I found myself getting quite nostalgic about rock climbing the other day. I haven't done any for years. I threw out my rope and harness a while back: man-made fabrics, even the toughest, don't last for ever and both were well past their sell-by date.
I found myself
remembering how, when it went well, a vertical, rocky environment was a
wonderful place to escape to. Oddly, one can feel securely cocooned
among the cracks, corners and bulges of a cliff. The surface is close to
your face, it demands that you be aware of it, in a way we are rarely
aware of the detail of the ground beneath our feet. Anyone who has
climbed on a warm, Summer day will remember the smell of hot rock.
Arranging one's protection -taking in ropes, paying them out, clipping
and unclipping karibiners- one looses oneself in a relaxing, meditative
And then there are the routes. I was never any
good and so had to cultivate an interest in old, easy routes - routes
that were difficult in the old days as "protection" was limited or
non-existent but easy enough in these days of chocks, hexes and
"friends" (spring loaded camming devices).
I didn't need a lot of encouragement to stay with these old routes. The
history of climbing makes for great literature and, fortunately, the
literature of climbing is prolific, from the Victorian Edward Whymper's Scrambles Amongst the Alps, through WH Murray's accounts of his Scottish climbs to more modern writers such as Joe Simpson, David Craig and Al Alvarez, to name but a few.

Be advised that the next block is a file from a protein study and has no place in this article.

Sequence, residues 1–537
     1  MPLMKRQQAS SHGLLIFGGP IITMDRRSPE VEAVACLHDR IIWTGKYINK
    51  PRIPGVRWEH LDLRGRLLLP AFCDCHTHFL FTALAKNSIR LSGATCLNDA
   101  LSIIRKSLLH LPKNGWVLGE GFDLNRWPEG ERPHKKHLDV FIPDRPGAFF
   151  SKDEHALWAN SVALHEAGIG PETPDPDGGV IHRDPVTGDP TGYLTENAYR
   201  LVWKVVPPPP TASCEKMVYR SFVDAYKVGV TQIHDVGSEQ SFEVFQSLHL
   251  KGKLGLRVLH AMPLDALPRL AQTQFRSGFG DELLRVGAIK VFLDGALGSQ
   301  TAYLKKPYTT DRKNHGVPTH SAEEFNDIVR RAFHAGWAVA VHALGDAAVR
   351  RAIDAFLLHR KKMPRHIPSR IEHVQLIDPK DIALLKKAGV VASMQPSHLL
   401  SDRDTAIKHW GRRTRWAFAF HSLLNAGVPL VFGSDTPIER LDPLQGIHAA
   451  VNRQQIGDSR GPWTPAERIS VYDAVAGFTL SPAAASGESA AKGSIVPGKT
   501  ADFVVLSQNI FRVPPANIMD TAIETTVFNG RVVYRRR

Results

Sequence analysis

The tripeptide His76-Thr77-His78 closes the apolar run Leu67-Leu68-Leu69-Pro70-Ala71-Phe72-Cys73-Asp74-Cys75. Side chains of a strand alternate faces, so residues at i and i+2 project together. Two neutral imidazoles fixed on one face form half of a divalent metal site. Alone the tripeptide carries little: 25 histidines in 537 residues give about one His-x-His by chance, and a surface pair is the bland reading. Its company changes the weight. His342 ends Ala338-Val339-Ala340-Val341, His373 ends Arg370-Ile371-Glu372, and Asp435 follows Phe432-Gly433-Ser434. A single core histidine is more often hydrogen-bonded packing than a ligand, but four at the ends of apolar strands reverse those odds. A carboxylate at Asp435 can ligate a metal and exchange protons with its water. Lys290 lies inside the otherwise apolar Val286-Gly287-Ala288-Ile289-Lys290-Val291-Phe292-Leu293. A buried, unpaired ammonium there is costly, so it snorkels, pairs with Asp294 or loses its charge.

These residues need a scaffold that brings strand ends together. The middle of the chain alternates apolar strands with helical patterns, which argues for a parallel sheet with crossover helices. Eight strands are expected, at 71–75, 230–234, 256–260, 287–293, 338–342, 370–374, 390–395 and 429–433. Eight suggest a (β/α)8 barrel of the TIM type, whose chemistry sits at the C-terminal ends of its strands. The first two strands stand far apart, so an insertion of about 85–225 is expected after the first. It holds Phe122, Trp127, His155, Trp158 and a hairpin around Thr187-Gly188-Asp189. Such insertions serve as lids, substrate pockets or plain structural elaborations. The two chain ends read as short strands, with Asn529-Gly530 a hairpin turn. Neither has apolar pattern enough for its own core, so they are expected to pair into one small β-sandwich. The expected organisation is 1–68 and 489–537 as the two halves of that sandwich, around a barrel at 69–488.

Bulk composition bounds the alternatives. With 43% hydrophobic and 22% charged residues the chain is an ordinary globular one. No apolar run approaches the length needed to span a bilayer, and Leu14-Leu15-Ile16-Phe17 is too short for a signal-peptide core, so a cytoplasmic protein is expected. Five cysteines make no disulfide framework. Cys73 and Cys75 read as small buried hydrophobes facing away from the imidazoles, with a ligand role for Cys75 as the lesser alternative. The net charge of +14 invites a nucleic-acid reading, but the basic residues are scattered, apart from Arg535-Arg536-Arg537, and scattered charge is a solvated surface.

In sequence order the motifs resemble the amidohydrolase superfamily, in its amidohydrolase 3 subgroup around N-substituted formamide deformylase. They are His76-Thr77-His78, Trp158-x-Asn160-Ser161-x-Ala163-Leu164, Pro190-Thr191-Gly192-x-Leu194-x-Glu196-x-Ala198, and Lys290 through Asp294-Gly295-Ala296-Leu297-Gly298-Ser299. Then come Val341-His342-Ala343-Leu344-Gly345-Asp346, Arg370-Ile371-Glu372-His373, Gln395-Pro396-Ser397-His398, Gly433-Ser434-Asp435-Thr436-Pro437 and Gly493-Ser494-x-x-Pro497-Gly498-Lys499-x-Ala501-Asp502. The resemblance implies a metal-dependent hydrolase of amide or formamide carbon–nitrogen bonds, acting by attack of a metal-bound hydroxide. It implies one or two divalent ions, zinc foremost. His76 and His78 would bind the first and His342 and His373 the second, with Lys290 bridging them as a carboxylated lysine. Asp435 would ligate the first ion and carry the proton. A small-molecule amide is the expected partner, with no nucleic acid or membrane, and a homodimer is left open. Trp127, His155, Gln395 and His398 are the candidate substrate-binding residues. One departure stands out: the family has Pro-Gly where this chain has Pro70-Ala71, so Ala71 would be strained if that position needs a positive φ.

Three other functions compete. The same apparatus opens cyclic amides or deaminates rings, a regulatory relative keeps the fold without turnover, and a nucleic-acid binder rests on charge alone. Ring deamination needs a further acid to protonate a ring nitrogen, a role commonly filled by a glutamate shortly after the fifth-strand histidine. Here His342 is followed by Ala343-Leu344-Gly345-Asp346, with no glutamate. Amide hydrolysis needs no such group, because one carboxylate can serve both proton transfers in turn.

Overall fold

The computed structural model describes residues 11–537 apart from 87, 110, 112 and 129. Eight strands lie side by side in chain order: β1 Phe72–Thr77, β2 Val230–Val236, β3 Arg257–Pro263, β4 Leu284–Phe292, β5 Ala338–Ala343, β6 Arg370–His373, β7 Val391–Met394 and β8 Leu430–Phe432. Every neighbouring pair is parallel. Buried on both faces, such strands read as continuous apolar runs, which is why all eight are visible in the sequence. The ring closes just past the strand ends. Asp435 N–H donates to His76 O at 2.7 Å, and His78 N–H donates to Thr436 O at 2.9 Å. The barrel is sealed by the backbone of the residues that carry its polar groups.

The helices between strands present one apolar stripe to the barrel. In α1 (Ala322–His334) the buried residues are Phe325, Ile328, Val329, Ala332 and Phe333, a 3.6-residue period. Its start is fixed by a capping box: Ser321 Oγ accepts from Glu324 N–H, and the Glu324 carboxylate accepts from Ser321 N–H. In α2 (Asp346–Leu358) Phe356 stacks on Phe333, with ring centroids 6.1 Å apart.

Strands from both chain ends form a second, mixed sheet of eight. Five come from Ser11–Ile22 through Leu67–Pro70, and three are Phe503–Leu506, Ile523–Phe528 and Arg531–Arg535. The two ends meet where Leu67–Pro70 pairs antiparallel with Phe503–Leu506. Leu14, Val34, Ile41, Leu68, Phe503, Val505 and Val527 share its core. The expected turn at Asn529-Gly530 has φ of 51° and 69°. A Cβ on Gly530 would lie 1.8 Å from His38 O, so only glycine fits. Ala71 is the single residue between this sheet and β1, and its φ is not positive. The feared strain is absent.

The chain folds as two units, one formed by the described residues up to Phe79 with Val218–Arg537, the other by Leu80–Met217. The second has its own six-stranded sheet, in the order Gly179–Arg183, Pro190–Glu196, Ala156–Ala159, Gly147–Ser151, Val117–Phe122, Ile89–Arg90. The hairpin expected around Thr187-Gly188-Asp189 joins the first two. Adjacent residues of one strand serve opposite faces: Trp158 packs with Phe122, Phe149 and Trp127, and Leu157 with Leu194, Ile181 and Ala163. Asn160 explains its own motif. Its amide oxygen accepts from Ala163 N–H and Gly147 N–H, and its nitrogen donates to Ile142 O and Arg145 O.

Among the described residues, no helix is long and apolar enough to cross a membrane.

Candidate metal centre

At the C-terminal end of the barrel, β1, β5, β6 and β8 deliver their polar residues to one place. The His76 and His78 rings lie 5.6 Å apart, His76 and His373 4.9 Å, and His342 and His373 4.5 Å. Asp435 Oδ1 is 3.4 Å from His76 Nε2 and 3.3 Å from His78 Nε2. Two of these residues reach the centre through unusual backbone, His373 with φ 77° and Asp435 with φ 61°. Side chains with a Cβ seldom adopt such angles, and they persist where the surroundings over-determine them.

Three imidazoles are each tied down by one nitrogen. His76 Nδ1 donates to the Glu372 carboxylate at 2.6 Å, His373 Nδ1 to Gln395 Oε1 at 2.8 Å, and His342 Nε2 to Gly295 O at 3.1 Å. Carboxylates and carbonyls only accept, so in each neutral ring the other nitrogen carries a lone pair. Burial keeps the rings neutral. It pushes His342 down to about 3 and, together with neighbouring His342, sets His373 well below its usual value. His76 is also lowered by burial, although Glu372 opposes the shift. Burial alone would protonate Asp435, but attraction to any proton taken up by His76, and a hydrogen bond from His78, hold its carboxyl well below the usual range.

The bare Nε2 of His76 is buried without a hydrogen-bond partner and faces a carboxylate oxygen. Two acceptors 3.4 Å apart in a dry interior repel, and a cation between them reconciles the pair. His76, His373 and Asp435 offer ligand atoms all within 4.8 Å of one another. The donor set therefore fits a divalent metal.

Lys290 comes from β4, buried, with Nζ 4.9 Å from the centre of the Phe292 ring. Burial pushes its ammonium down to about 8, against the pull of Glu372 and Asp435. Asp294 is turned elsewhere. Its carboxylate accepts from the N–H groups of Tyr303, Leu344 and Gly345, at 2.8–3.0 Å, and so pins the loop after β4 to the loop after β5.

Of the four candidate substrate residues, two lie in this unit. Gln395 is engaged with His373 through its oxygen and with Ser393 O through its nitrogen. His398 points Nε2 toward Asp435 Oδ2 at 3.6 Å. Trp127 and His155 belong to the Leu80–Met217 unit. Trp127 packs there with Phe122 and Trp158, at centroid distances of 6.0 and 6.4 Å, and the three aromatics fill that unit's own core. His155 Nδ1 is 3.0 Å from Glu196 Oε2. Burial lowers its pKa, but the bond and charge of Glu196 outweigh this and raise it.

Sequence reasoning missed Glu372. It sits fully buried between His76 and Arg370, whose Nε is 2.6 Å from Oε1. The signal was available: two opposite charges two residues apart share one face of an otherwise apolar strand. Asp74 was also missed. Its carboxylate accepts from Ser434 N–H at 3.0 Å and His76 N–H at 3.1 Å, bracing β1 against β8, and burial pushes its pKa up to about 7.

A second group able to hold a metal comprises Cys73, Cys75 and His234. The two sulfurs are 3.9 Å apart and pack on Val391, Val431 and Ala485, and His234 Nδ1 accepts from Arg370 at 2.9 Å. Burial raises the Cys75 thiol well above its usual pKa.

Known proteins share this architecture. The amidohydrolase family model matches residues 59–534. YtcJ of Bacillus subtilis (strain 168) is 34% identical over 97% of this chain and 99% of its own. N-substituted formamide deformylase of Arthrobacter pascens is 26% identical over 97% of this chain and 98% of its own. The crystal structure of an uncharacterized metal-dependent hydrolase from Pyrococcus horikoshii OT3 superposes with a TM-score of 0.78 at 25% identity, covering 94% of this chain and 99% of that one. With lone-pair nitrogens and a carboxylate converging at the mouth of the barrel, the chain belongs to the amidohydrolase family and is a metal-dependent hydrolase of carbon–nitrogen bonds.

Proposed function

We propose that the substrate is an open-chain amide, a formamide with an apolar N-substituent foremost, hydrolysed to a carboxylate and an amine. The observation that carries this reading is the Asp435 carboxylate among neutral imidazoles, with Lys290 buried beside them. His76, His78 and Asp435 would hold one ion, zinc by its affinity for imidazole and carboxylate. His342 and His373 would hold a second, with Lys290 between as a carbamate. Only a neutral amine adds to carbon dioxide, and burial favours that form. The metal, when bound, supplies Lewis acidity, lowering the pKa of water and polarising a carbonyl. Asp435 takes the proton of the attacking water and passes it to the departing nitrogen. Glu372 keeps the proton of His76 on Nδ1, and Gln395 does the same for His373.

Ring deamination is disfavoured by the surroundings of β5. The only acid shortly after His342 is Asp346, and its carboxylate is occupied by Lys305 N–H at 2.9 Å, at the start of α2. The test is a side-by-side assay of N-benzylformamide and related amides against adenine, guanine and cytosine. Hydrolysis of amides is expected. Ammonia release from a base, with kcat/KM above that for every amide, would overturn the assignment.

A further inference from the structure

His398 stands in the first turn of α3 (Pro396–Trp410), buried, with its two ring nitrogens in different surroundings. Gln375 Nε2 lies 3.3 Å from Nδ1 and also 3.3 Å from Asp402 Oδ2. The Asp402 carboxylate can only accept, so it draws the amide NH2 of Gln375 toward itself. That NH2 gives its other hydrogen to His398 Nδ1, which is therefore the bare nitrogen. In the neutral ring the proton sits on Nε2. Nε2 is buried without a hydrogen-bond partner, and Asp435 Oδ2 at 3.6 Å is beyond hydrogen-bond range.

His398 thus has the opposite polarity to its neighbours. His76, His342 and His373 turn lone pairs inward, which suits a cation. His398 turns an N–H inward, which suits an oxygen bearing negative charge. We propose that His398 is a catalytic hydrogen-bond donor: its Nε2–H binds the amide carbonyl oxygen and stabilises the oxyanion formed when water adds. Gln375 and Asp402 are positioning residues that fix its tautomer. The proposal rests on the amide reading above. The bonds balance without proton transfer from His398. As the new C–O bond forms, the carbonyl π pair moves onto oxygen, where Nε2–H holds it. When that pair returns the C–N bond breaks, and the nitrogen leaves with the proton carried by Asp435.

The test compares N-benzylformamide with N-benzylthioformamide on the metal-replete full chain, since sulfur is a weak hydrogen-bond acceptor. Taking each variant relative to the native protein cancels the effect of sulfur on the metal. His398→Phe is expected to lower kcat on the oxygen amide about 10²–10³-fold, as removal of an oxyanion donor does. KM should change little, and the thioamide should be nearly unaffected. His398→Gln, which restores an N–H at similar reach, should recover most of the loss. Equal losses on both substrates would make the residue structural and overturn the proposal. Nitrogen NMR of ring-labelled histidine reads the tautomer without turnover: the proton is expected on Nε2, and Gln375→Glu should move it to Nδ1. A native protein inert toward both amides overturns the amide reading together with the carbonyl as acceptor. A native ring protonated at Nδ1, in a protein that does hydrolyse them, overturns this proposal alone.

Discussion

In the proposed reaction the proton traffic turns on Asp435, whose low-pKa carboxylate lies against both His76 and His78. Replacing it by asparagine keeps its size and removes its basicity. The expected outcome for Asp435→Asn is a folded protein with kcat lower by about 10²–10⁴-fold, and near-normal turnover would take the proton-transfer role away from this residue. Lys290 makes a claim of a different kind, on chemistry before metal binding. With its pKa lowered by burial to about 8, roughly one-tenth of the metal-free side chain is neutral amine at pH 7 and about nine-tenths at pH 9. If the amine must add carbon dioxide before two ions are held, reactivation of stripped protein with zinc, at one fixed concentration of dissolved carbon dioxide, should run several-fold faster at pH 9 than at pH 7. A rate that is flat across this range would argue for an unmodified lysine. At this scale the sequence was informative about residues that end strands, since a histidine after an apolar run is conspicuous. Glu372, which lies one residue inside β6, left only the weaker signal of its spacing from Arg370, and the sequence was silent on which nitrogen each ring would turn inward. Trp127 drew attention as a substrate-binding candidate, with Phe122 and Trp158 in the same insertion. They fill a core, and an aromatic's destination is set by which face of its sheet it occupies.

then -and this is what set me off writing this post- there are the
names climbers give to the routes they devise. Few people realise when
they look up at a cliff that, to a climber who consults his or her
guidebook, it will most likely be covered with a tracery of routes. And
the names? They range from the boringly descriptive -such as "Central
Chimney"- to the outright poetic. Often a name's significance derives
from it's pre-existing neighbour. On Pic Tor in Derbyshire, Diagnosis runs up the crag next to Prognosis. Humour abounds. The late Arthur Dolphin (a climber active in the 1940s) named a route he'd climbed in the Lake District Kipling Groove.
When asked why, he said "because it was ruddy 'ard." All the best route
names tell a story, although usually we'll never know what it was.
Sometimes it's obvious. On Kinder Scout there's a crag known as Chinese Wall - up one side there's a Communist Route, up the other a Nationalist Route.
To name but a few, picked at random from the pile of guidebooks I have beside me: Tranquillity, Hades, Gehenna, Cinderella's Twin, Cucumber Groove, Ulysses or Bust, Soyuz (next to Apollo), Soho Sally, The Flute of Hope, Tales of Yankee Power, The Mangler, Time Machine, Piranha Wall. Most are short. Some are longer: Float like a Butterfly, Land like a Tomato.
many great books have been written about climbing, some of the best
mountain literature is out there, invisible to the naked eye, the
rambling collaborative poems the lines of which are the names of the
routes themselves, words composed by those who first climbed them.
Although, in the days when I climbed, I never composed any lines myself
(in words or on rock) I enjoyed reading them.
4 years ago